Getting injured while on the job is not only frustrating but can also leave you with a huge financial burden. Workplace injuries will often call for medical treatment and may also keep you out of work, meaning that you may lose a portion of your earnings. However, workers’ compensation ensures that you are covered and that you receive medical and indemnity benefits if you suffer a work-related injury.
Under workers’ compensation laws, there are various criteria that have to be met for you to be awarded workers’ compensation benefits. Basically, your injury has to be work-related and must occur in the course of your employment if you’re to receive workers’ compensation benefits. If your injury doesn’t tick these boxes, your employer will dispute your claim and you may lose your workers’ compensation benefits.
If your claim is denied or disputed for whatever reason, it is important that you seek legal assistance. At the Workers’ Compensation Lawyers Coalition, our attorneys understand Georgia’s workers’ comp laws and can guide you and help you receive benefits after your claim is denied. Get in touch with us today by filling our online form or calling via 470-518-5026 to speak to one of our workers’ compensation lawyers about your Fayetteville workers’ compensation dispute.
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Causes of Fayetteville Workers’ Compensation Disputes
While workers’ compensation makes it easy for employees who suffer workplace injuries to receive benefits, claims are not always straightforward. Workers’ comp claims may be disputed by your employer or their insurance carriers on various grounds. Some of the most common causes of disputes in workers’ comp claims include:
Under Georgia law, your employment status must be covered by workers’ comp laws for you to receive benefits for a work-related injury. Essentially, this insurance system covers employees of companies and businesses with 3 or more workers, whether on full-time or part-time basis.
Georgia’s workers’ compensation law doesn’t cover some employees, and such workers may not be eligible for benefits in the event of a work-related injury. Such employees include U.S. government agencies workers, longshoremen, railroad employees, independent contractors, volunteers, and some farm laborers.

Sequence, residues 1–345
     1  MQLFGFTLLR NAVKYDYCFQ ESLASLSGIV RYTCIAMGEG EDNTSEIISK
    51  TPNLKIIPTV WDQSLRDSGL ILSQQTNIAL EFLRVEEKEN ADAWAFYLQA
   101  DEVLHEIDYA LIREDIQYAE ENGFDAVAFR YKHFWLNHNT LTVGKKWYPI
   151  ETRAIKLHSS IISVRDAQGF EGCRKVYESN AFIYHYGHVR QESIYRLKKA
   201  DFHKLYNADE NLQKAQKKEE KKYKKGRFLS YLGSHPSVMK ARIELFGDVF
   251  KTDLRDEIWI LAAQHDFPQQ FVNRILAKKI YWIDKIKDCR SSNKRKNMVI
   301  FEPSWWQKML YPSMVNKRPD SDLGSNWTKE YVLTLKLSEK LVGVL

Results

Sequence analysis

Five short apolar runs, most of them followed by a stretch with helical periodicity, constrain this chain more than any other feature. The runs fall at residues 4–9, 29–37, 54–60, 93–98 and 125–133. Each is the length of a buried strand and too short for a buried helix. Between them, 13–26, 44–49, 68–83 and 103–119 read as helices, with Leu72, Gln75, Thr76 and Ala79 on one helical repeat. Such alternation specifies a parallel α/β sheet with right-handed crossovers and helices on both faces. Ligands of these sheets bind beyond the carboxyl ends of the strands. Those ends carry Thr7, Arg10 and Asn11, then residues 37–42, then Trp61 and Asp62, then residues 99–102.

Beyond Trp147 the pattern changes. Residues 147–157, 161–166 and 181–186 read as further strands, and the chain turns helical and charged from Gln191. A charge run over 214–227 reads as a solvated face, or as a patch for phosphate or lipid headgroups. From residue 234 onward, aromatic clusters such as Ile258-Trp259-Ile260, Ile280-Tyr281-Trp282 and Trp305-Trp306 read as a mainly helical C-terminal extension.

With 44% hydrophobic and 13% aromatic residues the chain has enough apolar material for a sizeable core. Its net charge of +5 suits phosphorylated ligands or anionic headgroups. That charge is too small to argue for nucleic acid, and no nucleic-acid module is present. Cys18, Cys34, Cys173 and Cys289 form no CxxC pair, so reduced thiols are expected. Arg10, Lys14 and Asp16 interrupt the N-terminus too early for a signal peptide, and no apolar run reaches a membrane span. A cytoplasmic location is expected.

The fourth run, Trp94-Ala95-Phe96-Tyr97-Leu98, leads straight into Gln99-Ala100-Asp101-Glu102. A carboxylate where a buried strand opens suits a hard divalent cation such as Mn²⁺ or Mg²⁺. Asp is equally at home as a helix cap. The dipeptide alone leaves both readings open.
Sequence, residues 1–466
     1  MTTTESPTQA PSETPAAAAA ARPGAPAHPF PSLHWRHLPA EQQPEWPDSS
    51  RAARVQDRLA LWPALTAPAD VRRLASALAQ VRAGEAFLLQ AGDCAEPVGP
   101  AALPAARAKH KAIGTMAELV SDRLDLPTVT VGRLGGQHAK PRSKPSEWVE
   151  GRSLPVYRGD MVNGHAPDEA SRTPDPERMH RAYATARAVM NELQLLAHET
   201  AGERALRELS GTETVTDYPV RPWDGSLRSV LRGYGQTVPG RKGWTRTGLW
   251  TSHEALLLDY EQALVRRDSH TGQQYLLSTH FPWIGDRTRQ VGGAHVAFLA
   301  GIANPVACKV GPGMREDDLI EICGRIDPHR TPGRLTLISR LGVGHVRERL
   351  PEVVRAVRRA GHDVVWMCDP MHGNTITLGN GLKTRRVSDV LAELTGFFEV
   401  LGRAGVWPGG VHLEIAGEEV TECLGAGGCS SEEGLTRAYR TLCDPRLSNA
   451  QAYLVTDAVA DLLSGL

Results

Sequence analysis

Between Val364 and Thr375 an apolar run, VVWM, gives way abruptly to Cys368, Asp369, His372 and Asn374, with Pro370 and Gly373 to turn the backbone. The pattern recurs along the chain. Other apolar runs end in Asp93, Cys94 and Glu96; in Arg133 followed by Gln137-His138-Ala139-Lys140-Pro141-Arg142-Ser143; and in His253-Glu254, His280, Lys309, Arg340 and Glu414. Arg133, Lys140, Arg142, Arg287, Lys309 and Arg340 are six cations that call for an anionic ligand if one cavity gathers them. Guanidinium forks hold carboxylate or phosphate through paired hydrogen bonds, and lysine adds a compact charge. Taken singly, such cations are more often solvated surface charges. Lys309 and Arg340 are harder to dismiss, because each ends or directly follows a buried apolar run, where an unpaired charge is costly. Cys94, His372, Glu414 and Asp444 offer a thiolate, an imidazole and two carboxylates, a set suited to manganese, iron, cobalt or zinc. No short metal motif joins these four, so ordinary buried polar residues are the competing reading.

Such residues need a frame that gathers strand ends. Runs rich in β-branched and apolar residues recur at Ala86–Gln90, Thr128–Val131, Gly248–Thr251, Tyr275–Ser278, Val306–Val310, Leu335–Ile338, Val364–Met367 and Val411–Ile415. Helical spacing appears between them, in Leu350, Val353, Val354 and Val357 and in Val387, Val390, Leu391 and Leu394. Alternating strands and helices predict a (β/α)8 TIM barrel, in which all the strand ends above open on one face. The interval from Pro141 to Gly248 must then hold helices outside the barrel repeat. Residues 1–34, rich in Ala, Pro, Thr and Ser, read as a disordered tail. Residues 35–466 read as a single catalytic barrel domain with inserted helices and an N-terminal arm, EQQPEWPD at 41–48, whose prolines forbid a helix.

Outside Scope of Employment
Basically, you are only entitled to workers’ compensation benefits if your injury was as a result of work activities or duties and occurred in the course of employment. Otherwise, you may not receive benefits even if you were injured at your workplace.
It is possible to sustain a non-compensable injury at your workplace. Such injuries are considered to be outside the scope of employment, and include:
- Idiopathic or spontaneous injuries
- Injuries arising from assault or on-the-job fights
- Off-work aggravation of pre-existing conditions
- Injuries arising from after-work activities
- Injuries sustained during lunch and rest breaks (there are some exceptions to these)
- Injuries sustained to or from work, unless you were on call, at your employer’s parking lot, or running a beneficial errand for your employer while leaving or going to work.
- Injuries arising from practical jokes
- Injuries resulting from willful misconduct.
Lack of Causation
Your employer may dispute your claim if the injury you claim is not directly related to your employment. In such a case, your employer cites a lack of causation, and you may lose your benefits. For you to receive workers’ compensation benefits, your injury must have been directly caused by your work or your employer’s instructions.